Copy into your RSS Reader
Copy into your Podcast App
Magnolia Electric Co. (10th Anniversary Deluxe Edition), by the late Jason Molina, comes out Nov. 12.
Steve Gullick/Courtesy of the artist
November 3, 2013 Ten years after its release — and seven months after the death of singer Jason Molina — The Magnolia Electric Co is still an ambitious and unsteady beast, strangely graceful and crying out to be explored. Throughout the album, Molina sings of his own smallness and struggle, but also the stubbornness inherent in standing up as the gravitational forces of grief try to pull him down.
March 18, 2013 Over a long and sometimes troubled career with bands like Songs: Ohia and Magnolia Electric Co., Jason Molina's songs made pain tangible and less terrifying.
June 6, 2009 NPR Music's Song of the Day features a new track every weekday, with analysis of the music, links to each artist's Web sites and, of course, a chance to hear the song itself. Here, Song of the Day editor Stephen Thompson talks about recent selections by Metric, Magnolia Electric Co., Booker T. Jones and Levon Helm.
<iframe src="http://www.npr.org/player/embed/105055202/105069706" width="100%" height="290" frameborder="0" scrolling="no" title="NPR embedded audio player">
June 4, 2009 "Whip-poor-will" is as achingly pretty and strangely catchy as anything Jason Molina has written with Magnolia Electric Co. Propelled by a slide-guitar line that's somehow both sunny and sad, the song finds Molina's sad-sack narrator feeling small and looking helplessly skyward.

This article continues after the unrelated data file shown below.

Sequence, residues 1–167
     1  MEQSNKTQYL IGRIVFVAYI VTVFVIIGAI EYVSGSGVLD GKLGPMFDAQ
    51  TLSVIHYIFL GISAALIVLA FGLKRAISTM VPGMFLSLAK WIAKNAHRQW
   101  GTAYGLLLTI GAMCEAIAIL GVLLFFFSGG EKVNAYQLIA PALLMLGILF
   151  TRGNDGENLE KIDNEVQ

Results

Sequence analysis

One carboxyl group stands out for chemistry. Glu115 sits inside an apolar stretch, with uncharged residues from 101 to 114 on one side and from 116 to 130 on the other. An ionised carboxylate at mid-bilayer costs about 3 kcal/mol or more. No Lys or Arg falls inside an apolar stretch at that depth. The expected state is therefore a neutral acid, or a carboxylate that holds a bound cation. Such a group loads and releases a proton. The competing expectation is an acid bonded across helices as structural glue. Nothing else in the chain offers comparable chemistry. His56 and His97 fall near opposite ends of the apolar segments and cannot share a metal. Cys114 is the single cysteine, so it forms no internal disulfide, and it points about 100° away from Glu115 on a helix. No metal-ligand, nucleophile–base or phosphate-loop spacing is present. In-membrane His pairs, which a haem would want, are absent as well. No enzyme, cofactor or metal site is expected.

<iframe src="http://www.npr.org/player/embed/104944312/104941844" width="100%" height="290" frameborder="0" scrolling="no" title="NPR embedded audio player">
August 7, 2007 CD box sets usually gather a singer's career highlights — greatest hits, with some rarities thrown in. Now comes one that contains no hits. All of Sojourner's recordings are new, from a band with a small but intense following: Magnolia Electric Co.
<iframe src="http://www.npr.org/player/embed/12550016/12550054" width="100%" height="290" frameborder="0" scrolling="no" title="NPR embedded audio player">
August 9, 2006 "I lived low enough so the moon wouldn't waste its light on me," Jason Molina sings on "Get Out Get Out Get Out," ornamented by a plodding drum-machine beat and a few minimalist strums on an acoustic guitar. It's the singer at his bleakly hypnotic best.
NPR thanks our sponsors
Become an NPR sponsor